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It's bad enough that Clarice Kendall Andrews, Paula's irresponsible sister, comes home from celebrating Mardi Gras and drunkenly mentions that she got married during the festivities. What's worse is the fact that Paula knows that Clarice is still married to an equally irresponsible gigolo. Paula learns that the man Clarice married, Stephen Cormack, has skipped the country and his lawyer, thinking that Paula is Clarice, offers the older woman $5000 to annul the marriage. Paula's lawyer convinces her to pretend she's Cormack's husband until he can get Clarice's marriage annulled. Paula moves into Cormack's house and discovers he has two teen-aged children who consider her a gold-digger after their father's fortune. Meanwhile, Clarice's husband refuses to have their marriage annulled and tries to blackmail Paula into giving him to $10,000 for his silence.Written by
The original script had to be adjusted when PCA Director Joseph Breen questioned the advisability of "dealing with so serious a subject as a bigamous marriage, where the treatment is set for comedy." After a few changes, Breen did approve the film. See more »
This is a fast-paced, enjoyable little family romantic comedy that has fine acting and direction. The plot is really clever. Sexually liberated sister Clarice Kindall (Patricia Farr) goes out partying, gets drunk and marries a millionaire. Since she is on vacation, awaiting a divorce from her first husband, she has committed bigamy, a crime punishable with ten years in jail. Her big sister, Paula (Sally Eilers)comes to the rescue. Since the millionaire was too drunk to know who he married, she will pretend to be her sister and get a divorce from the husband Stephen Cormack (Neil Hamilton), but only after sister Clarice annuls the first marriage.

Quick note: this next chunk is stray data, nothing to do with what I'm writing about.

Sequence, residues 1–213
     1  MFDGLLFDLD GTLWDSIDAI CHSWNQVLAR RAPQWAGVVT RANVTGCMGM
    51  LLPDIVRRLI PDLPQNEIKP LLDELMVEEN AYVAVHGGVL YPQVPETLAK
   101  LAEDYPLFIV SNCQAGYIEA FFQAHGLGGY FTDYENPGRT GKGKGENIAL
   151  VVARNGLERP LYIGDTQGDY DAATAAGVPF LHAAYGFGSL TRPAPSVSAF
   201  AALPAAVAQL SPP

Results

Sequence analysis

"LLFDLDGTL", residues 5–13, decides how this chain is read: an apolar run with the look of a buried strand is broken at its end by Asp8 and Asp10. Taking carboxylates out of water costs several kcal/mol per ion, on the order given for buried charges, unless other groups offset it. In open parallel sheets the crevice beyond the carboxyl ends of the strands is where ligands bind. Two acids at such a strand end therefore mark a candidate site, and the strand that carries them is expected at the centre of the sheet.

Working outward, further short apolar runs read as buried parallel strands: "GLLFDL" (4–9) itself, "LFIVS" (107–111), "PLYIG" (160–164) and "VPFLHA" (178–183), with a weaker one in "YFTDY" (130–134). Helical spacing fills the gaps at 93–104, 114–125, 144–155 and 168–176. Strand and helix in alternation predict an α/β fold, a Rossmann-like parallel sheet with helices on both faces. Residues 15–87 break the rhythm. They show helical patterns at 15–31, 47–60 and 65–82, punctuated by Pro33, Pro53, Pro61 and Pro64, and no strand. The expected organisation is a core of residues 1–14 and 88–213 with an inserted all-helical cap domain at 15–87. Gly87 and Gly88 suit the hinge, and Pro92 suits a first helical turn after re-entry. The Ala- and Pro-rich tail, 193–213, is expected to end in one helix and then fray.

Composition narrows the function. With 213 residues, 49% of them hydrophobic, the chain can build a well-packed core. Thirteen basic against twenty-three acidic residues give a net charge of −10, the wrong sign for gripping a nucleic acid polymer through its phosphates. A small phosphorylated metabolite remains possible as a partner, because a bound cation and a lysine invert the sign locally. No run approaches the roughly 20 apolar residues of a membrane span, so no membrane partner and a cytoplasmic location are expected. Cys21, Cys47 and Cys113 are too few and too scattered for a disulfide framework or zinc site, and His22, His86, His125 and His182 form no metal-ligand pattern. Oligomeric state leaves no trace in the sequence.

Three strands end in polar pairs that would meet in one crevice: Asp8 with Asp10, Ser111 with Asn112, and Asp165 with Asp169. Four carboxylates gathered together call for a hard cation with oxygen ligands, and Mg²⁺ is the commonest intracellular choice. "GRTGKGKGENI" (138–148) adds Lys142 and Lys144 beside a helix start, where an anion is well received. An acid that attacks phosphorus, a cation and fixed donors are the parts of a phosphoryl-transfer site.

A complication appears as millionaire Stephen Cormack has two young teenager children Patricia (Marcia Mae Jones) and Hank (George Ernest). They are none too happy about having a mother who they believe married their father for his money while "in a fog." The cast does a great job keeping this light and fluffy, with enough wink-like actions to remind the audience that its a comedy and not to take any of this too seriously. Eilers is a precursor to Doris Day in her late 50s sex comedies -- which this resembles. She's trying to stay a virgin, despite having to live with a new husband.
The kids are adorable. Marcia Mae Jones (the crippled girl in Shirley Temple's "Heidi") and George Ernest. They had each done dozens of film roles before this and they are very professional in their comic timing. Marcia had a long career, but George pretty much ended his career when he became an adult.
The husband/father, Neil Hamilton is quite sophisticated and comfortable.
I was sad to learn that Patricia Farr who charmingly played sister Clarice tragically died of cancer at age 35, eleven years after this film. This turned out to be the height of her career. She only had a couple of small roles after this film. She handles her part well and showed talent. She was apparently hanging out modeling with another startlet at the time of this film. That was Rita Hayworth and her career took off while Farr's career went nowhere.
Eilers was in the middle of a 15 year - 50 picture career when she made this film. She is quite professional with wonderful comic timing.
I watched this picture just after watching Frank Capra's Oscar winning "You Can't Take it With You"(1939). I liked that film, but I thought this one was minute to minute funnier.
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